PFA chairman Clarke Carlisle has criticised the organisation for booking stand-up comedia Reginald D Hunter to perform at Sunday’s awards dinner in London.
Hunter’s act did not go down well with those in attendance as the black comedian made several references to the word ‘n*****’.
The Northampton defender has been a relentless campaigner in the fight to eradicate racism from football and though he stopped short of criticising Hunter’s act he felt it was an error to hire the American.
“I thought we made a huge mistake,” Carlisle said.
“I thought with everything that we have gone through over the last few years, using a comedian of his type was a bad error in judgement.
“I was embarrassed sat up there throughout and I want to apologise unreservedly to the footballing community that was present.”
The issue of racism in football has been brought back into sharp focus over the past two years with Chelsea’s John Terry and Liverpool’s Luis Suarez both serving bans for racial abuse.
Carlisle was saddened that Hunter’s performance took the attention away from the organisation’s 40th anniversary and the honouring of female footballers for the first time.
“What galls me is that it was a momentous occasion,” he added.
“It was our 40th award, Kim Little won the first women’s award, a place in history.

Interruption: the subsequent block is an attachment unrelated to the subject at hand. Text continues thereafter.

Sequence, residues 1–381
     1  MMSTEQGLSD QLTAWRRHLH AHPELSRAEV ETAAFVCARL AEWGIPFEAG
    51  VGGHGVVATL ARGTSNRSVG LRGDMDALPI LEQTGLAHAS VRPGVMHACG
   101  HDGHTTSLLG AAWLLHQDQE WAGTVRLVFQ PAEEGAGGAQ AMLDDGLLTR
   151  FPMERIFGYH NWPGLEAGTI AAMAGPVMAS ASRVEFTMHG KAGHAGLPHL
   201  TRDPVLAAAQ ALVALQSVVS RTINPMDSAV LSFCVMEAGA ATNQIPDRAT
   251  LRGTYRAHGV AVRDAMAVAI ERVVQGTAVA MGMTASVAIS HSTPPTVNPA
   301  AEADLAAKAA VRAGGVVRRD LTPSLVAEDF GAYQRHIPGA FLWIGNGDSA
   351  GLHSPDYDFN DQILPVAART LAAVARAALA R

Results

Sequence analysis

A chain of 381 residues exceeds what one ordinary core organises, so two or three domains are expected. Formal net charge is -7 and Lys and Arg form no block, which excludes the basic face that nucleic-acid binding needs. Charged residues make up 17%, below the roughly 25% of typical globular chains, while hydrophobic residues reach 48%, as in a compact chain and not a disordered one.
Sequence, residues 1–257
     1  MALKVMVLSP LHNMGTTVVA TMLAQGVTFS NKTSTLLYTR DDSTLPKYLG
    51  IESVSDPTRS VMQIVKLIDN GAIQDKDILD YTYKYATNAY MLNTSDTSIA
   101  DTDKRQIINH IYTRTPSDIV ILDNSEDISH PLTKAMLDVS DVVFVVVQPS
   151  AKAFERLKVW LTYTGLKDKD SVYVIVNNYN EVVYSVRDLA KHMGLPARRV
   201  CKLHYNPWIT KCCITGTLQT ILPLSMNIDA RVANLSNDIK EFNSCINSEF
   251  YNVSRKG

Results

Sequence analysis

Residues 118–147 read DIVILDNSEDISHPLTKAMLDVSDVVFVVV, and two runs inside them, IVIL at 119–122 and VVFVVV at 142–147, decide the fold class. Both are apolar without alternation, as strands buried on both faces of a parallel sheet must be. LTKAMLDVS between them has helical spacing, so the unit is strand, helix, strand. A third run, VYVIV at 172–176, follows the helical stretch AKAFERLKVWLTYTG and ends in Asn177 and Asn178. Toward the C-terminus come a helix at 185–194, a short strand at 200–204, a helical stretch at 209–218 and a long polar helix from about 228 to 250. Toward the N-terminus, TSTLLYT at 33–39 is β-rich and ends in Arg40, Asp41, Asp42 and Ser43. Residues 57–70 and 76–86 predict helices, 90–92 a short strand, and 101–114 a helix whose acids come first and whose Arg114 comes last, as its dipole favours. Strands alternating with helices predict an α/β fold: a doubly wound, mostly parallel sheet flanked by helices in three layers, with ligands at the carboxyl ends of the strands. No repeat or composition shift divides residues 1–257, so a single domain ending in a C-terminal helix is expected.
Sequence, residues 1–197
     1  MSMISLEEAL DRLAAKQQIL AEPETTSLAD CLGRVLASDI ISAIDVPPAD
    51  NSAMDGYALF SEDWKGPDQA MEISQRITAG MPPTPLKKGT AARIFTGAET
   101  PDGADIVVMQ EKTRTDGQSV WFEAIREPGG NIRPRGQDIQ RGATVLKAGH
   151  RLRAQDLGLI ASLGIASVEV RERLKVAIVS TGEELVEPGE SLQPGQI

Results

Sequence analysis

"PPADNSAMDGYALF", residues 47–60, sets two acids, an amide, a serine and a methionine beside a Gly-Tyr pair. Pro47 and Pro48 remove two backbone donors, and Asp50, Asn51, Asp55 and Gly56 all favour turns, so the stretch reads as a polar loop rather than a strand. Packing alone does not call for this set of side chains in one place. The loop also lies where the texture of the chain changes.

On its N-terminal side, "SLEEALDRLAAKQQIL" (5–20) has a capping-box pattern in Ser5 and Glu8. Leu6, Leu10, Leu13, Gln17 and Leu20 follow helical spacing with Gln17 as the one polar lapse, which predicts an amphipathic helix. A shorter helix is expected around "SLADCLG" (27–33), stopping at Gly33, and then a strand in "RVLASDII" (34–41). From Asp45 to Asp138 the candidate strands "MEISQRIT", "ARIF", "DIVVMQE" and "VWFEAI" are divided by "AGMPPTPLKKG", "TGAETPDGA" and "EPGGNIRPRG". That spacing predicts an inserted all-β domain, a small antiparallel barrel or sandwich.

“It was the first time that the men’s and women’s game had unified and instead we are talking about someone who we paid to come in as entertainment come in and be facetious about something we stand vehemently against so I apologise for that. I was embarrassed.”
It has been tradition for a comedian to perform at the awards but Carlisle has called for the custom to be scrapped.
“I’m not lambasting Reginald D Hunter,” the centre-back said.
“That’s his act, it’s what he does. When you go to a comedy store you know you might have to leave your moral compass at the door, but the PFA Awards dinner, the showpiece of our season, is not the time to have an act like that
“I am having a go at us as a union for putting that kind of material on show.
“We are seriously going to have to discuss the format of our evening because when you book a comedian, especially someone who does push issues to their boundaries and beyond, we have to question whether our event is the right time and place for that and I personally don’t believe it is.
“It shouldn’t be a time for satire or politicising things, it should be a time for celebration. That was a massive error in judgement and it’s something we need to look at.”
Chief executive of the PFA Gordon Taylor denied it was a mistake to hire Hunter for the evening and claimed it was hard for the comedian to understand how much of an issue racism has been in football.
“I think there were a few raised eyebrows over the comedian but that is the sort of thing you can’t control. It was unfortunate. He is a professional comedian,” Taylor said.
“It’s a difficult subject in football and with him not being fully aware of how emotive it has been in football, that was probably a difficulty for him.”